Colleagues Pay Tribute after Death of Former Councillor

Ken Martindale was found of Black British Heritage

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Colleagues have paid tribute to Ken Martindale, a prominent former councillor with Hammersmith and Fulham Council and founder of the history group Black British Heritage, who has died at the age of 62.

Ken Martindale was a Labour councillor from 1986 to 1990, during which time he was chairman of the Ethnic Minorities Committee and a member of several other committees.

Mayor of Hammersmith & Fulham, Cllr Adronie Alford, said: " I am deeply saddened by the death of Ken Martindale. Ken was a well-known member of the community and he will be greatly missed. I send my condolences to his family and friends."

Cllr Colin Aherne, Opposition Chief Whip, said: " Ken played an active part in the black community and will be missed."

Mr Martindale was best known for establishing Black British Heritage, which celebrates the lives, struggles and achievements of black British citizens, both those of the post-Windrush period and those who were already in the UK previously.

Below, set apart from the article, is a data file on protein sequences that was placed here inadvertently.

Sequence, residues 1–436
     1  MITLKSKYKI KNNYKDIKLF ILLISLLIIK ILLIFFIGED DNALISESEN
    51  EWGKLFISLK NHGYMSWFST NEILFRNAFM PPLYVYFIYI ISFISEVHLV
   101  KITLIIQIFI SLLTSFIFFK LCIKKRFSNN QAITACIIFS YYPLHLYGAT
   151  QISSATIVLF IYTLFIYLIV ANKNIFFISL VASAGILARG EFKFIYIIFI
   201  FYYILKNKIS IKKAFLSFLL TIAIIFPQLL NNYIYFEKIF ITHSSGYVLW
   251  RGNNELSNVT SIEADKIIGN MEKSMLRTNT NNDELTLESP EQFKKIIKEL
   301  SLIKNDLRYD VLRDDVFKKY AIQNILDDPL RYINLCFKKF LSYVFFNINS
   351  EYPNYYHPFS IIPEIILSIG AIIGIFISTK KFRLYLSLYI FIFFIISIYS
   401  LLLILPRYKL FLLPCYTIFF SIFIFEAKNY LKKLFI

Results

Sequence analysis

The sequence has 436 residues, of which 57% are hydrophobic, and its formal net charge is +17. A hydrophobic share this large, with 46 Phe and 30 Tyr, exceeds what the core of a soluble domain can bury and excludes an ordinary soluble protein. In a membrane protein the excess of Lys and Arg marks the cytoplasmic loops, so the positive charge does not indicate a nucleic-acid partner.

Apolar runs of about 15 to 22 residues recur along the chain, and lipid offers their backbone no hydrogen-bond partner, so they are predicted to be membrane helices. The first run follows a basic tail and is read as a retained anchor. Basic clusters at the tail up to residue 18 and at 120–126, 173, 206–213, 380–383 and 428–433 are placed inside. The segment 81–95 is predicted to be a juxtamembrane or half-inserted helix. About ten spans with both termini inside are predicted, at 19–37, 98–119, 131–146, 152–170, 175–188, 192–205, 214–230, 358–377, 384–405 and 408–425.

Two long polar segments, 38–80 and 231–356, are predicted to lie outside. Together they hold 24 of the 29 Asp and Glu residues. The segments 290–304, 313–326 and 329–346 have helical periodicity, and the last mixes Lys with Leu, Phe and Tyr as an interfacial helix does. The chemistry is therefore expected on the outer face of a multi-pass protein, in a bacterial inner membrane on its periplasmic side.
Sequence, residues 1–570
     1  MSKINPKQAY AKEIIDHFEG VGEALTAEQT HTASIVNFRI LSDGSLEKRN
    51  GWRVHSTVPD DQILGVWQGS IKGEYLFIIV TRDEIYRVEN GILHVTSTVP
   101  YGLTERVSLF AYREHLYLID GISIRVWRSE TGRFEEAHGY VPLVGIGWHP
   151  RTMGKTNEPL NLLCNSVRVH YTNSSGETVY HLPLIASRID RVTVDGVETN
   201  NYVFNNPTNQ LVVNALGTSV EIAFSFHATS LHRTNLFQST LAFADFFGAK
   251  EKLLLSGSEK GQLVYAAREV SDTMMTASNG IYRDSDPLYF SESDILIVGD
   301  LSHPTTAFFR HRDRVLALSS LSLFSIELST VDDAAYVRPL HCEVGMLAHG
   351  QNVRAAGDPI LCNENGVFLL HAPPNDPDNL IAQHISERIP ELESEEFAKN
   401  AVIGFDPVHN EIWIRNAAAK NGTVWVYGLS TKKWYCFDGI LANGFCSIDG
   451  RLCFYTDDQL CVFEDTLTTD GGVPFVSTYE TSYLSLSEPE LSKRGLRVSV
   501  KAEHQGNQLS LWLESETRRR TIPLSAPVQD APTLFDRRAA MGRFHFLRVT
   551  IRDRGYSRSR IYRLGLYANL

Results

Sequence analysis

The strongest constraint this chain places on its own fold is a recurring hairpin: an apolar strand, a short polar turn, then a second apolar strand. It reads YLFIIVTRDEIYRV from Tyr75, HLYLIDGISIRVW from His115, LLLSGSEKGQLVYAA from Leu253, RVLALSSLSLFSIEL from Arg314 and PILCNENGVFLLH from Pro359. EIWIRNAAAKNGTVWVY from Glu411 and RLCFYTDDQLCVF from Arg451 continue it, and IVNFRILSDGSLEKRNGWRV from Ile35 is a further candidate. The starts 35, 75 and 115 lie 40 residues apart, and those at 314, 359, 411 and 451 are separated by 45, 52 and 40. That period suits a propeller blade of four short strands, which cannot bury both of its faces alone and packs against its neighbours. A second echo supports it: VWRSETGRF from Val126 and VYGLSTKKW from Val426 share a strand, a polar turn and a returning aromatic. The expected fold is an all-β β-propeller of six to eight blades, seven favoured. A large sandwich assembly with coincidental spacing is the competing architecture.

He was instrumental in seeing the restoration of the highly ornate memorial to Sir Thomas Fowell Buxton MP, abolitionist and social reformer, in Victoria Gardens, close to the House of Lords, and the grave of the abolitionist Thomas Clarkson, in All Saints Churchyard Fulham.

He also played a major role in ensuring that there was a permanent memorial to the bicentenary of the abolition of the slave trade in Fen Court, in the City of London and devised a heritage trail in Hammersmith & Fulham which passed the graves of former slaves Ellen Smith and William Craft who found their way to Cambridge Grove near King Street, Hammersmith, and the memorial to Sir Nicholas Crisp in St Paul's Church.

Ken, who had been suffering from heart disease, leaves behind his elderly mother, three sisters, and six children, some of whom still live in the borough.


January 18, 2011